Dems outraise GOP congressional incumbents in Miami

WASHINGTON — Democrats for the second fundraising period in a row have outpaced Miami's three Republican members of Congress, suggesting an increasingly competitive challenge for the incumbents.

Former Hialeah Mayor Raul Martinez reported taking in $603,318 and closing the quarter with $1.1 million cash on hand. Republican Rep. Lincoln Diaz-Balart raised $481,558 and closed with $1.75 million.

Challenger Joe Garcia raised $531,049 to Mario Diaz-Balart's $392,103, though Garcia, too, trails in cash on hand, $700,000 to Diaz-Balart's $1 million.

And Annette Taddeo raised $324,829 -- a sum that includes a personal loan -- to Rep. Ileana Ros-Lehtinen's $300,929. But Ros-Lehtinen has nearly $1.9 million on hand.

The sums come as the races are drawing increasing attention from the national parties: Martinez and Garcia have major backing from the Democratic Congressional Campaign Committee, which is seeking to expand the party's majority in the House.

And the Diaz-Balarts -- who have faced only token opposition since first getting elected -- are getting a similar boost from House Republicans.

Democrats sought to claim the momentum, even as Lincoln's campaign treasurer said the campaign was ``exceeding all our fundraising goals.''

Carlos Curbelo, a spokesman for the Diaz-Balart brothers' campaign, said the Democrats' lead was not a surprise ``when you have powerful leaders of the extreme left like (House Speaker) Nancy Pelosi and Charles Rangel pumping thousands of dollars into these campaigns.''

Pelosi's top lieutenants have contributed to all three Democrats and Rangel, a New York congressman, raised money for Garcia and contributed to Taddeo.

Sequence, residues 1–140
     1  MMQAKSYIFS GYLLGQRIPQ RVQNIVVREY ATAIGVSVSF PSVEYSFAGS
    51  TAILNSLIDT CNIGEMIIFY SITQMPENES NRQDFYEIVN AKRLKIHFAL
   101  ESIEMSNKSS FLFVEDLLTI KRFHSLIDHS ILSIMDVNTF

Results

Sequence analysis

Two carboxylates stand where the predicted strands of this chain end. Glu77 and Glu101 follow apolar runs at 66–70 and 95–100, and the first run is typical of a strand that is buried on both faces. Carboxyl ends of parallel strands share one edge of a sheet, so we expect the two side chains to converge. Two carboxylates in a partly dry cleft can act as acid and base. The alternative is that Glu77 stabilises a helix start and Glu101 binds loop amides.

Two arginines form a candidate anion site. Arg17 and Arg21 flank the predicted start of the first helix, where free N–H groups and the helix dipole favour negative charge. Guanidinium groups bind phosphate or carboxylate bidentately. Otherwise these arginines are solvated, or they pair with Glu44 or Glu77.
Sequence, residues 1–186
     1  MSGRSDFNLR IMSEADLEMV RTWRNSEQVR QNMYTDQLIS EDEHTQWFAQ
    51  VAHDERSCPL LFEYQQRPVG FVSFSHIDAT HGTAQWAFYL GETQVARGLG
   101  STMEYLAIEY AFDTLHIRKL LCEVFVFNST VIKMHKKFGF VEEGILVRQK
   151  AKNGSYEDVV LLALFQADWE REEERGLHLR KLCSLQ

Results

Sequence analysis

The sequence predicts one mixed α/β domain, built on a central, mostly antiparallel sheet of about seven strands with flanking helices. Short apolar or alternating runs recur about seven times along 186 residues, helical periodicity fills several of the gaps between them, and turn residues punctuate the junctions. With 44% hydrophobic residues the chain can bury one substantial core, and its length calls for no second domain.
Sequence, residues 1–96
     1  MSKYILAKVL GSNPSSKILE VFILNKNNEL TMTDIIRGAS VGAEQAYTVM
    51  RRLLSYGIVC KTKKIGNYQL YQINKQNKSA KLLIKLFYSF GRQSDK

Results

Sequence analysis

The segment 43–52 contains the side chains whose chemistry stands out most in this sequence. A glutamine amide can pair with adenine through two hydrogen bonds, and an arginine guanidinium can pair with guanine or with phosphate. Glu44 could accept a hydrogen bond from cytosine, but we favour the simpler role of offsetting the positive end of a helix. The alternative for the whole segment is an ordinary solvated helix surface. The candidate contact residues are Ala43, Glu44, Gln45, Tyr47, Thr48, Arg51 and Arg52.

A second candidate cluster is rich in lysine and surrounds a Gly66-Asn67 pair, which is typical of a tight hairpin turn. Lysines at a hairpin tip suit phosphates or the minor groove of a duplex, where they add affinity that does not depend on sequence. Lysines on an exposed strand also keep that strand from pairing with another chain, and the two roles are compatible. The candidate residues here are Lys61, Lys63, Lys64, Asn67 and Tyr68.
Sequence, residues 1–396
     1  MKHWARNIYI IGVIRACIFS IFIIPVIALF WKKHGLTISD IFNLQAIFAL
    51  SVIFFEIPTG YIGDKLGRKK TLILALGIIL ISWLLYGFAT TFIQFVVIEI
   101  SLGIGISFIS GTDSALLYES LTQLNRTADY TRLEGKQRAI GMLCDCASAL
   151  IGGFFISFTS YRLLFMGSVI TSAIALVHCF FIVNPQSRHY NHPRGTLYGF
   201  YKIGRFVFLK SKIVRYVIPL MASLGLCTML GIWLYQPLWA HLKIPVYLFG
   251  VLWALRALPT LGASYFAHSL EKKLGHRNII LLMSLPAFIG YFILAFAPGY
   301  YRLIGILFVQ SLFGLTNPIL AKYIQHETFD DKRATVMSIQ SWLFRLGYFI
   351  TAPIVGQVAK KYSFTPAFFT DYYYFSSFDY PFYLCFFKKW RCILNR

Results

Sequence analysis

But the Diaz-Balarts also benefitted from a powerful fundraiser: President Bush, who in a visit last month to Naples, raised more than $600,000 for the brothers and the Republican Party of Florida.

Martinez's campaign said the figure makes him one of the top House fundraisers in the country -- a boast echoed by national Democrats.

For example, Rep. Ron Klein, D-Boca Raton, a reliable fundraising powerhouse who is looking to defend the formerly GOP seat he won in 2006, raised $413,847 during the three month quarter -- a sum he said puts him ``among the top fundraisers in the U.S. House.''

Martinez's campaign claims much of his support is from Republicans.

''We have attracted such great support from registered Republicans because they know that I'm able to work across party lines to improve the economy, lower the cost of healthcare and gas, and help get us out of Iraq,'' Martinez said.

Lincoln Diaz-Balart criticized Martinez for failing to disclose the names and identities of various donors he said contributed a total of $378,000 to the Democrat's campaign.

Garcia said most of his contributions are from small donors who gave his campaign $200 or less.

''That so many people have donated to our campaign shows that Joe Garcia's message of putting South Florida first and restoring common-sense solutions to Washington is resonating,'' said campaign spokeswoman Melissa Agudelo.

Garcia's contributions include $1,000 from Sergio Bendixen, the Democratic pollster whose recent poll showed Garcia and Martinez within striking distance of the Diaz-Balarts. The firm's vice president, Fernand Amandi, also contributed $500 to Garcia.

The reports show contributions from a number of leading Democrats, including House Majority Leader Steny Hoyer and Rahm Emanuel, the former chair of the Democratic Congressional Campaign Committee.

Though Ros-Lehtinen appears in the Bendixen poll to have a comfortable lead over Taddeo, her fundraising report suggests she's taking the challenge seriously. Ros-Lehtinen raised almost twice as much as her first fundraising quarter.

Taddeo contributed her own money to the campaign for the second time -- her report shows a personal loan to her campaign -- this time for $170,000. She has $457,105 on hand.